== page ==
Unintended Actions

Sometimes we do things that we didn’t mean to and there are a couple ways we can express actions that we did not intend to take.

We can use the noun for intention (つもり) to express what was or wasn’t intended.


  1. つもり – intention; plan
  2. 後 【あと】 – afterwards
  3. 買い物 【か・い・もの】 – shopping
  4. する (exception) – to do
  5. 行く 【い・く】 (u-verb) – to go
  6. 夜 【よる】 – evening
  7. 出かける 【で・かける】(ru-verb) – to go out
  8. ある (u-verb) – to exist (inanimate)
  9. 心配 【しん・ぱい】 – worry; concern
  10. いる (u-verb) – to need
  11. 先生 【せん・せい】 – teacher
  12. 教える 【おし・える】 (ru-verb) – to teach; to inform
  1. 後で買い物をしに行くつもりです。
    (I) intend on going to do shopping later.
  2. 夜に出かけるつもりはないので、心配はいりません。
    (I) don’t intend on going out at night so (you) don’t need (to) worry.
  3. 先生に教えるつもりはなかったんだよ。
    (I) didn’t intend on telling the teacher, you know.

You can have no intention using 「つもり」 and 「ない」 as the last example sentence shows. However, in order to describe something unintended (accidental), we need to use verb:「しまう」.

Using 「しまう」 for unintended actions

The verb 「しまう」 has two main definitions: 1) to finish; to do something completely and 2) for something unintended to happen. The latter definition is used for situations when you did something you didn’t mean to do. To use this with other verbs, attach 「しまう」 to the te-form of the verb.


  1. しまった!宿題を持ってくるのを忘れた!
    Oh no! (I) forgot to bring (my) homework!
  2. もう起きてしまった事は仕方ないよ。
    There’s nothing you can do about something that already happened (unintentionally).
  3. 我慢ができないからついつい買ってしまうんですよ。
    (I) can’t resist so (I) unintentionally end up buying (it).

Casual version of 「~てしまう」

In casual speech, the 「~てしまう」 can be substituted by 「~ちゃう」 while 「~でしまう」 is substituted by 「じゃう」. Both 「~ちゃう」 and 「~じゃう」 conjugate just like regular u-verbs.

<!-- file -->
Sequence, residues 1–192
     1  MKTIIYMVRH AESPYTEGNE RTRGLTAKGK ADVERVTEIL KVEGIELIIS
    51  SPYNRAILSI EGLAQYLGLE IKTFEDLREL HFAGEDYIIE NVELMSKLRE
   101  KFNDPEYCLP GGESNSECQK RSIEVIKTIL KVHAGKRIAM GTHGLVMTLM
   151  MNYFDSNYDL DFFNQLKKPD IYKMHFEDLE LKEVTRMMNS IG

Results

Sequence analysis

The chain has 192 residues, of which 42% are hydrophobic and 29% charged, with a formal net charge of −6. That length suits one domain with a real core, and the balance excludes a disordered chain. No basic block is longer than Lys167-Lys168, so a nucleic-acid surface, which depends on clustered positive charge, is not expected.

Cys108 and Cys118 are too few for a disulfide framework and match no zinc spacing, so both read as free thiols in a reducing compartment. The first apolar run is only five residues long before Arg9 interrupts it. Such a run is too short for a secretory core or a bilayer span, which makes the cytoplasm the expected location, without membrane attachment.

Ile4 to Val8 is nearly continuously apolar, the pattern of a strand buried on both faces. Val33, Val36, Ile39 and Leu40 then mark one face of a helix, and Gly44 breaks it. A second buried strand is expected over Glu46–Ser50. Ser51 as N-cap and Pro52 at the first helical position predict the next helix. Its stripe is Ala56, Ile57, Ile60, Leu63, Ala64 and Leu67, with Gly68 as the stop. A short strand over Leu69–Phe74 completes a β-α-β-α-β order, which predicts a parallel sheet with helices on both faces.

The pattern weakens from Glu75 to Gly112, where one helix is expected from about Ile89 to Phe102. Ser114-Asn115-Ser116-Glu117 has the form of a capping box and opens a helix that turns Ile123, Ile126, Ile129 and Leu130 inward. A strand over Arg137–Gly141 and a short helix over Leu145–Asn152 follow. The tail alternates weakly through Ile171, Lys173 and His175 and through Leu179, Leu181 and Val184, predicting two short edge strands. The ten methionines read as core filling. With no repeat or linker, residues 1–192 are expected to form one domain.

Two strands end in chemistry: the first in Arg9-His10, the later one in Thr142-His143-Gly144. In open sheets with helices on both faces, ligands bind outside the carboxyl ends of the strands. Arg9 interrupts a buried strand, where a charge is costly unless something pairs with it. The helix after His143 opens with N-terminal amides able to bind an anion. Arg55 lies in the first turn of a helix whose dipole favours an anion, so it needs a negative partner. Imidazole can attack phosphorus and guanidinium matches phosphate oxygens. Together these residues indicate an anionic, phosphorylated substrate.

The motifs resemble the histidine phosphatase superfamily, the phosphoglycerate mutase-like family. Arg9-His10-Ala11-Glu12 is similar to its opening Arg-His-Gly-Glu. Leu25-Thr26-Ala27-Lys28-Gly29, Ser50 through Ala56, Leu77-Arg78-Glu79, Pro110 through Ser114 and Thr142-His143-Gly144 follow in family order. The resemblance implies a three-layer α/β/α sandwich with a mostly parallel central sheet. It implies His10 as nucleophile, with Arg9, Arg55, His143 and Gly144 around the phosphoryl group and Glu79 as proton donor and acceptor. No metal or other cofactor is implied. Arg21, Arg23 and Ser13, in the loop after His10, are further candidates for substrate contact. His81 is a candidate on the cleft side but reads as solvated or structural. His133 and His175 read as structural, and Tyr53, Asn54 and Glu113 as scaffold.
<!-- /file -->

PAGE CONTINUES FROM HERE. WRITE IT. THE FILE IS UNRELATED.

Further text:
1. もう注文しちゃったけど、どうする?
    (I) already ordered (oops) so what should (we) do?
  2. 彼女を元彼女の名前で呼んじゃったよ!
    (I) called my girlfriend by my ex-girlfriend’s name (by accident)!
  3. もう分かっちゃった事は忘れられないでしょう?
    (I) can’t forget something that I already learned (unintentionally) right?

There is also a much less common casual version of 「~てしまう」 and 「~でしまう」 that sounds much more rough and coarse and is usually only used by older males. This version replaces 「~てしまう」 and 「~でしまう」 with 「~ちまう」 and 「~じまう」 respectively. The result is conjugated the same as any u-verb.


  1. また連絡するのを忘れちまったのかよ?
    Did (you) forget to contact (me) again?
  2. 悪い、お前のメールを読んじまったよ。
    Sorry, (I) read your email (by accident).


Kaori: Nice to meet you! (You’re a) student of Japanese, right? (I’m) called Kaori.

John: Ni, nice to meet. I’m John. Why did (you know) I’m (a) Japanese student?

Kaori: (I) happened to (unintentionally) see you taking Japanese class. How many years have (you) been studying Japanese?

John: Um, about 2 years?

Kaori: (That’s) amazing. (You) can talk this much even though (you’ve) only been studying 2 years?

John: No, (I) think I’m not that good yet…

(It’s) not like that. (You) are really good. Things turned out so that I will help (the) Japanese teacher from time to time while (I’m) here so let’s get along (lit: please treat me well). Oh, class is going to start soon (unintended). See you later.

Lee and Alice are walking in the hallway.

Lee: (I) hear Kaori-san is going to help our class’s teacher?

Alice: That’s right. (It) seems she wants to be helpful to everybody.

Lee: (She’s) very kind, isn’t she?

Alice: That’s right. She’s very kind to everybody so seems like boys will (unintentionally) misinterpret (it) so (I’m) worried.

Lee: (It’s) ok. That kind of type isn’t in our class, right? Huh? John, what are (you) doing spacing out in the hallway?

John: (I) may have met (an) angel.

Alice: Huh? What was that?

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